I love the way Hooper’s laugh deflates when he learns that Quint was on the USS Indianapolis. It’s a great bit of acting by Dreyfuss. If you’re not familiar with the story — I certainly wasn’t as a kid — it lets you know that you’re in for something. Also note how Brody isn’t aware of the event. Yet again, he’s the outsider.
33.) The Indianapolis monologue
Robert Shaw delivers the movie monologue to end all movie monologues. The language is so evocative: “You know the thing about a shark, he’s got black eyes. Lifeless eyes, like a doll’s eyes. When he comes at ya, he doesn’t seem to be livin’…until he bites ya.” Whether a conscious choice or not — Shaw was a drinker on set — I love Quint’s drunken portrayal. As though his boat-mates wouldn’t be hearing this story if he were sober. It also serves as a basis for some of Quint’s more questionable decisions.
34.) The sound of silence
After conditioning the audience to expect the shark’s theme before an attack, Spielberg and Williams pull a great switcheroo. When the barrels attached to the fish surface, the audience knows the threat is there. Its attack comes out of silence.
35.) “He’s chasing us, I don’t believe it!”
I love the characterization – I’m using that word loosely — of the shark. He’s driven by more than just instinct, and, yes, there wouldn’t be much of a movie if he just moved on to another beach. He almost mocks our heroes before bringing his full strength to bear. The way he passes by Hooper in the cage before striking (more on that in a bit). And the way the tables turn and he starts chasing the Orca. The shark’s final scene is spectacular, but it’s earned. You feel as though that’s what it’d take, nothing less, to kill this unstoppable force.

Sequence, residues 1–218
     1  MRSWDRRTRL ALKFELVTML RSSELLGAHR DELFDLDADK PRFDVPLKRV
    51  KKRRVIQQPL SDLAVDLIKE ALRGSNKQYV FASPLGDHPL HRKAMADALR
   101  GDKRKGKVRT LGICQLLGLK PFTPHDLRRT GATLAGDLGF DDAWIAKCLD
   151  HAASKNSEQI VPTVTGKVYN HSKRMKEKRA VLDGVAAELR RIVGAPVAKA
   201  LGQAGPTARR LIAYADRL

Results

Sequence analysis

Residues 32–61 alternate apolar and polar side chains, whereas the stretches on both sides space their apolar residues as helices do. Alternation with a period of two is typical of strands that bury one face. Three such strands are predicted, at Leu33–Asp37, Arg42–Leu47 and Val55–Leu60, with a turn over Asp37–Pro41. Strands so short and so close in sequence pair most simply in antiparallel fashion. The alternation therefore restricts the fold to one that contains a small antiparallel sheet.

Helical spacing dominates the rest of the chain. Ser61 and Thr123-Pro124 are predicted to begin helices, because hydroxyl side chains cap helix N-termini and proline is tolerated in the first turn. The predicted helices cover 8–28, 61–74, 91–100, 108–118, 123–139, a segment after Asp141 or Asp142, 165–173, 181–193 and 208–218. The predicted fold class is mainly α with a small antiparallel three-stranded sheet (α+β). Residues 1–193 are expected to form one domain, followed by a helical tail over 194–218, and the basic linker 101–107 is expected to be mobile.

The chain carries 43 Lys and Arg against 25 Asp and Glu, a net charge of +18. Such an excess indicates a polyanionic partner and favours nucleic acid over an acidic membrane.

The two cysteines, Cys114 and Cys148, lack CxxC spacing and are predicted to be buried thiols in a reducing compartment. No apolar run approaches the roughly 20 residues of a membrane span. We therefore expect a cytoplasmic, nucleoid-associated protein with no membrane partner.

36.) Life jackets
Quint tells Brody and Hooper that he’ll never put on a life jacket again. So when he hands each of them one, the boat hanging low in the water, it speaks volumes about their predicament. This is as close as Quint gets to apologizing. And I love the visual of him finding the life jackets: hanging from the ceiling, dripping with water.
37.) Cage match
With Hooper in the cage, we finally get our first full-body look at the Great White. It appears out of the din, Williams’s theme chugging along in the background. It glides by the cage, not even fitting inside the 2.35 framing. As it disappears into the murk again, the theme fades. So haunting!
38.) “The ocean turns red…”
A shark attack in all its grisly horror, Quint comes face-to-face with the thing he fears most. Shaw’s committed performance sells it and makes for one of the best movie deaths of all time. Oh man, and the foley work — the snap-crack when the shark bites into Quint’s leg. Ouch.
39.) The end
Martin: “I used to hate the water.”
Hooper: “I can’t imagine why.”
40.) Source of inspiration
Okay, not really a moment from “Jaws,” but I owe my love of movies to this film. I’ve told the story before, but when I was seven years old, I wanted to be a marine biologist. So my mother showed me “Jaws,” and I wanted to be a filmmaker. When you hear about all the production’s trials and tribulations — ballooning budgets and schedules, a malfunctioning shark, weather, location politics — it’s a marvel it got made at all and a testament to art coming from adversity. That the film turned out as well as it did, well, that’s just icing on the cake. Or chum in the water. I liked “Jaws” as a kid, but it took getting older to appreciate how good it is.
Thanks for reading! Do you have a favorite moment from “Jaws?” Comment below.